57. How to reduce subjectivity in risk analysis – Alex Sidorenko

Alex Sidorenko from RISK-ACADEMY talks about 3 rules for reducing subjectivity in quantitative risk analysis.   Help spread the messages in this guide by sharing it with your colleagues  https://www.researchgate.net/publication/323254437_GUIDE_TO_EFFECTIVE_RISK_MANAGEMENT_30 More information about RISK-ACADEMY, our training courses and services at http://www.riskacademy.blog

56. How to make risk management training stick? – Alex Sidorenko

Alex Sidorenko from RISK-ACADEMY talks about his experience combining risk management training with risk analysis to make it stick and have a lasting positive effect on risk culture   Help spread the messages in this guide by sharing it with your colleagues  https://www.researchgate.net/publication/323254437_GUIDE_TO_EFFECTIVE_RISK_MANAGEMENT_30 More information about RISK-ACADEMY, our training courses and services at http://www.riskacademy.blog

55. 3 things to look for when auditing risk management – Alex Sidorenko

Alex Sidorenko from RISK-ACADEMY talks about three things to review when auditing risk management effectiveness in non-financial companies https://riskacademy.blog/product/g31000-risk-management-maturity-model/     Help spread the messages in this guide by sharing it with your colleagues  https://www.researchgate.net/publication/323254437_GUIDE_TO_EFFECTIVE_RISK_MANAGEMENT_30 More information about RISK-ACADEMY, our training courses and services at http://www.riskacademy.blog

54. Cognitive biases in risk management – Framing – Alex Sidorenko

The framing effect is an example of cognitive bias, in which people react to a particular choice in different ways depending on how it is presented; e.g. as a loss or as a gain.[1] People tend to avoid risk when a positive frame is presented but seek risks when a negative frame is presented.[2] Gain… Continue reading 54. Cognitive biases in risk management – Framing – Alex Sidorenko

54. Cognitive biases in risk management – Confirmation bias – Alex Sidorenko

Confirmation bias, also called confirmatory bias or myside bias,[Note 1] is the tendency to search for, interpret, favor, and recall information in a way that confirms one’s preexisting beliefs or hypotheses, while giving disproportionately less consideration to alternative possibilities.[1] It is a type of cognitive bias and a systematic error of inductive reasoning. People display… Continue reading 54. Cognitive biases in risk management – Confirmation bias – Alex Sidorenko

53. Cognitive biases in risk management – Semmelweis reflex – Alex Sidorenko

The Semmelweis reflex or “Semmelweis effect” is a metaphor for the reflex-like tendency to reject new evidence or new knowledge because it contradicts established norms, beliefs or paradigms. The term originated from the story of Ignaz Semmelweis, who discovered that childbed fever mortality rates reduced ten-fold when doctors washed their hands with a chlorine solution… Continue reading 53. Cognitive biases in risk management – Semmelweis reflex – Alex Sidorenko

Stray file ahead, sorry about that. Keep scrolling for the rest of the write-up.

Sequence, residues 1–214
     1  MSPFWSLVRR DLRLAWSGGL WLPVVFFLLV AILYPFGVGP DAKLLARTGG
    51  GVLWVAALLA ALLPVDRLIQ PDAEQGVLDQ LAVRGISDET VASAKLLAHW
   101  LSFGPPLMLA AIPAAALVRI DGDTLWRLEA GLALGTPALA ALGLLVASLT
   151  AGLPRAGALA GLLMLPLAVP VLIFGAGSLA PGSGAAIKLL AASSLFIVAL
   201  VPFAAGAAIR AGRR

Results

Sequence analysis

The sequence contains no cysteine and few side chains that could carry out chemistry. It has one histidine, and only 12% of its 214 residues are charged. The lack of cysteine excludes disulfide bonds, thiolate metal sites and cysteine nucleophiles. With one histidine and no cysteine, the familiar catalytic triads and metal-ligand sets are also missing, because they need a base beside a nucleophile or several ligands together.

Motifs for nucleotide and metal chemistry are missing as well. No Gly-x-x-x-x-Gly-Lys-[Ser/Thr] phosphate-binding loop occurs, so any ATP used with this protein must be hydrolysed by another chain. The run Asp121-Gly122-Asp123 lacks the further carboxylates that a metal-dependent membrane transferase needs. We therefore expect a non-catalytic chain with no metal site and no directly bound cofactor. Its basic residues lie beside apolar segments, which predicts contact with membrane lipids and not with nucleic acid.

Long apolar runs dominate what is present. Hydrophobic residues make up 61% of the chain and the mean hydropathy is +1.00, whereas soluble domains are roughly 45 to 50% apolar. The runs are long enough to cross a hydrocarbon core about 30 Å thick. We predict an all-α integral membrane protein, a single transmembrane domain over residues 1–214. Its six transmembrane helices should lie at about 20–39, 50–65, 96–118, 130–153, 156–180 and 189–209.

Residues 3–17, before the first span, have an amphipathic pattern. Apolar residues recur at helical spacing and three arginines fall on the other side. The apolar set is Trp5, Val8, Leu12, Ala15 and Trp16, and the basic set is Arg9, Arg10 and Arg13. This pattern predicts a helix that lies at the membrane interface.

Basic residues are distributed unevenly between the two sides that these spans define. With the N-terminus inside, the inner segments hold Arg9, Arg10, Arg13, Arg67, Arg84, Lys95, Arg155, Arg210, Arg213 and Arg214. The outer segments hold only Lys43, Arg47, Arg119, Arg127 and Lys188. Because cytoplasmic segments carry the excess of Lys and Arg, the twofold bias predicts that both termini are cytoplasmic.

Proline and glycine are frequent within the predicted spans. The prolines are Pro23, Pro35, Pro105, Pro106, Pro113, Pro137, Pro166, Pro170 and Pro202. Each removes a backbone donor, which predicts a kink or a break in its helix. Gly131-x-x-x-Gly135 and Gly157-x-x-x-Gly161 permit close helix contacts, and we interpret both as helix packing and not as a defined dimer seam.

52. Cognitive biases in risk management – Déformation professionnelle – Alex Sidorenko

Déformation professionnelle is a French phrase, meaning a tendency to look at things from the point of view of one’s own profession rather than from a broader perspective. It is often translated as “professional deformation” or “job conditioning,” though French déformation can also be translated as “distortion.” The implication is that professional training, and its… Continue reading 52. Cognitive biases in risk management – Déformation professionnelle – Alex Sidorenko

51. Cognitive biases in risk management – Neglect of probability – Alex Sidorenko

The neglect of probability, a type of cognitive bias, is the tendency to completely disregard probability when making a decision under uncertainty and is one simple way in which people regularly violate the normative rules for decision making. Small risks are typically either neglected entirely or hugely overrated. The continuum between the extremes is ignored.… Continue reading 51. Cognitive biases in risk management – Neglect of probability – Alex Sidorenko

50. Cognitive biases in risk management – Omission bias – Alex Sidorenko

The omission bias is an alleged type of cognitive bias. It is the tendency to judge harmful actions as worse, or less moral than equally harmful omissions (inactions) because actions are more obvious than inactions. It is contentious as to whether this represents a systematic error in thinking, or is supported by a substantive moral… Continue reading 50. Cognitive biases in risk management – Omission bias – Alex Sidorenko

49. Cognitive biases in risk management – Normalcy bias – Alex Sidorenko

The normalcy bias, or normality bias, is a mental state people enter when facing a disaster. It causes people to underestimate both the possibility of a disaster and its possible effects. This may result in situations where people fail to adequately prepare and, on a larger scale, the failure of governments to include the populace… Continue reading 49. Cognitive biases in risk management – Normalcy bias – Alex Sidorenko